Best part of the comic though: Wolverine referring to the Return of Wolverine mini-series as “some dumb @#$%.”
That’s why Uncanny X-Men #11 is the Wolverine’s Weiner X-Pick of the Week!
Congratulations to the creative team.
Age of X-Man Marvelous X-Men #1
(W) Lonnie Nadler, Zac Thompson (A) Marco Failla (CA) Phil Noto
ENTER THE AGE OF X-MAN!
The perfect heroes for a perfect world! The X-Men have helped make the world into a utopia where living in fear and hatred is a thing of the past. All people are united under the banner of mutantkind, and all of mutantkind idolizes the X-Men. Jean Grey! Colossus! Storm! X-23! X-Man! Nature Girl! Magneto! And of course, the amazing Nightcrawler! When danger threatens the world, the Marvelous X-Men set things right for the good of all. And no one dares say otherwise.
In Shops: Feb 06, 2019
Marvelous X-Men #1 ostensibly takes place in much less bleak reality than Uncanny X-Men #11, but of course we know the utopia created by X-Man where everyone in the world is a mutant, love, relationships, and family are outlawed, and mutants are born in hatcheries is actually a dystopia doomed to failure in roughly the span of six mini-series. As the issue opens, the Marvelous X-Men are called to an emergency meeting at their X-Sanctuary headquarters. A forest fire in Los Angeles (apparently they don’t rake in utopia) threatens to destroy Cerebro West, the West Coast’s big mutant hatchery. Colossus and Nature Girl head to the forest to save the wildlife, Storm uses her weather powers to fight the fire, X-Man heads off to rescue scared citizens, Magneto keeps the building from collapsing, X-23 heads to the hatchery, Jean Grey to the nursery, and Nightcrawler begins evacuating people with his teleportation powers. The PA system in Cerebro West broadcasts insidious-sounding messages telling people to stay calm and that everything is okay.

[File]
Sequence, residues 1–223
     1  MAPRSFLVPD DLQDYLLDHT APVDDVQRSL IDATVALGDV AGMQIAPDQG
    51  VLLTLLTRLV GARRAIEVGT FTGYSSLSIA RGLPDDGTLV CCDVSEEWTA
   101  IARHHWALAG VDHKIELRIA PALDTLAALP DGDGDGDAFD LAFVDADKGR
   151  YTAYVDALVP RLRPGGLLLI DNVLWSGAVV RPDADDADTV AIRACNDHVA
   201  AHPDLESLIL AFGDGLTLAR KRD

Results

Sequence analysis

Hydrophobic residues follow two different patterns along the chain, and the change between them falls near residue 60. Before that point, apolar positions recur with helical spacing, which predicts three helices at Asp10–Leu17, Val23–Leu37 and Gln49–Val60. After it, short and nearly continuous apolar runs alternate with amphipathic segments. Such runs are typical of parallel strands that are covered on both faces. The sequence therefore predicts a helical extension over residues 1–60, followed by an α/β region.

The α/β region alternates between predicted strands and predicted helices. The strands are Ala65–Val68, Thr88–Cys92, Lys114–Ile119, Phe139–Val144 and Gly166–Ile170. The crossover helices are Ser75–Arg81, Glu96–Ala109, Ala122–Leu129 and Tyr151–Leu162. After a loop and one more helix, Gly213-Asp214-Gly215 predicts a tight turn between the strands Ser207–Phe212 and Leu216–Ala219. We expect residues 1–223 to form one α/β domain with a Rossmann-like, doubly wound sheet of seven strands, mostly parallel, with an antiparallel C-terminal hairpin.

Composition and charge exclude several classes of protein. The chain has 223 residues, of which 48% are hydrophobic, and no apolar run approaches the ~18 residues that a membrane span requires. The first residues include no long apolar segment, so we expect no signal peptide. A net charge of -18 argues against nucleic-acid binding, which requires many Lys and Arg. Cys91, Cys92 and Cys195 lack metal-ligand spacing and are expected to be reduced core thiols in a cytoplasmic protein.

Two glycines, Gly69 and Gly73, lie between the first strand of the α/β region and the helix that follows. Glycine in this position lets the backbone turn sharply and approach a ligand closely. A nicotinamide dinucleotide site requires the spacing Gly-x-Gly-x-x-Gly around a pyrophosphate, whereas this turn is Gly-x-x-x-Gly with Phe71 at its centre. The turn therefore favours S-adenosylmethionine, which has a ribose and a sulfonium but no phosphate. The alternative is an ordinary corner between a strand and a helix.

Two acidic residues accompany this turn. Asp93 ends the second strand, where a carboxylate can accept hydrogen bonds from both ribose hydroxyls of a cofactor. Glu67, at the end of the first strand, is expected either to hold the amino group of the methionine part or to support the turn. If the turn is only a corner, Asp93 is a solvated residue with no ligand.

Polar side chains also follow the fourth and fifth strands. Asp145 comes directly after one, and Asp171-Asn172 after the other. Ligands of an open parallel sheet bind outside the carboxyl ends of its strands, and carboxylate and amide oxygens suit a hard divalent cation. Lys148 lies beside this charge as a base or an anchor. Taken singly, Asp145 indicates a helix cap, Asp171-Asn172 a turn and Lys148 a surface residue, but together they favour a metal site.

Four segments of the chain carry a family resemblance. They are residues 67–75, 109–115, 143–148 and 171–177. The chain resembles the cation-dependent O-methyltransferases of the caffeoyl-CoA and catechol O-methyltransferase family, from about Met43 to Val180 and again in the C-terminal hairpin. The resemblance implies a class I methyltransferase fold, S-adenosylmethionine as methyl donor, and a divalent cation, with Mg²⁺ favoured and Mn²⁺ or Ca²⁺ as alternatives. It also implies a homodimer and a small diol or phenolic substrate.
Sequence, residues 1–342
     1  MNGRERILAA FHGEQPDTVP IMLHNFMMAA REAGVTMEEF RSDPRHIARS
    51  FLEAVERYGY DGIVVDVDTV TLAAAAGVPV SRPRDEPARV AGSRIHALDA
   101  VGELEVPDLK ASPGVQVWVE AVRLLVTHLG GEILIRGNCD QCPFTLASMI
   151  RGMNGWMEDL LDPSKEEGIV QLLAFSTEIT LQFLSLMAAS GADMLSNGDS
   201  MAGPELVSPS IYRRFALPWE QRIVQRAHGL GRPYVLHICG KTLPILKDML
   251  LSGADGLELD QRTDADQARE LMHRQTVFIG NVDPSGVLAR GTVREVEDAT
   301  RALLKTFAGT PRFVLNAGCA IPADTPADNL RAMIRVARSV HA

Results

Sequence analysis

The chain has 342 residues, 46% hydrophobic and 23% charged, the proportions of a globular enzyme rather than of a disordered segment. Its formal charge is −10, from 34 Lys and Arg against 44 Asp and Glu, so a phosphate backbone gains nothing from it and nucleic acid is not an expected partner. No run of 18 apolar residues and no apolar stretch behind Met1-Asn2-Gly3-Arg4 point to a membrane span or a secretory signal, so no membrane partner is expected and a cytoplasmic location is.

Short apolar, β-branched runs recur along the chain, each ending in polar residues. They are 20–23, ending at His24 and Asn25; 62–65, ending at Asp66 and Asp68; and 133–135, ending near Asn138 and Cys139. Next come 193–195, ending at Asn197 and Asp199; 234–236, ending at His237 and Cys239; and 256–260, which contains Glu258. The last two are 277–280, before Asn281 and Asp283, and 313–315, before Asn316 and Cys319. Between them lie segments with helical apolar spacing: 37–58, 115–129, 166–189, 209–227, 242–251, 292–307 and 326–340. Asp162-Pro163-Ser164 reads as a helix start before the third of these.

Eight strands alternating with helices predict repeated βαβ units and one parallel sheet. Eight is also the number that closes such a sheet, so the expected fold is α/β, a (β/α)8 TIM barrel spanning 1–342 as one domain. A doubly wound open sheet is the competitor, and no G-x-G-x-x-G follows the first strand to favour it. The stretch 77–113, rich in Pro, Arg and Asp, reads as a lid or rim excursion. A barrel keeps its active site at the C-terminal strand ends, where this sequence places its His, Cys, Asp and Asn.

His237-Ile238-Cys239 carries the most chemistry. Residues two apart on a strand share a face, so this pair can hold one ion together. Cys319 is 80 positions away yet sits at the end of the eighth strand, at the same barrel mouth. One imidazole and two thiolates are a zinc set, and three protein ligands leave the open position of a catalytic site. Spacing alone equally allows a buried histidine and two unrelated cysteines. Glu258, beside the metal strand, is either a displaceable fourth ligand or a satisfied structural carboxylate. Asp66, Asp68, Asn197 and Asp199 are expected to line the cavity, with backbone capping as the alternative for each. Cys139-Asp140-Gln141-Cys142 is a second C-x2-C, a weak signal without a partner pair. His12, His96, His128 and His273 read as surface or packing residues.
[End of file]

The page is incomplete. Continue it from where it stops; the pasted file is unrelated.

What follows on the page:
In the hatchery, when X-23 picks up an unborn baby mutant, she has a flash of memories of her sister, Gabby. And while Jean is saving kids from the nursery, she receives a psychic broadcast from Apocalypse, who we learned in Age of X-Man Alpha is leading some kind of revolution, telling people it’s okay to love despite it being outlawed by X-Man’s regime. Eventually, the X-Men save everyone in the building with zero casualties and the media applauds them for averting yet another catastrophe. Nature Girl brings home a pet bear.
Back at X-Sanctuary, Laura talks to X-Man about her memory flashes and he reveals she did indeed have a sister, but she’s not allowed to see her (she’s starring in a different mini-series), and then he mind-wipes her. The next day, Jean collapses after recieving the psychic message, discovering that the revolutionaries are holding a meeting in Central Park tomorrow, led by Apocalypse, Genesis, and Kitty Pryde.
Off to an interesting start, we suppose? Things are going pretty much how we’d expect as Age of X-Man kicks off. The utopian world created by X-Man is obviously not the paradise he thinks it is, and that will surely be unraveled in the coming months. We can pretty much predict how the main story in Marvelous X-Men is going to go, with the X-Men eventually figuring out they’ve been deceived and setting things right. At least, that’s probably what will happen. The more interesting stuff seems likely to happen in the other various mini-series that will explore more off-beat and less cliche subject matter. We’ll have to reserve judgment on this event until we’ve gotten to see all of them.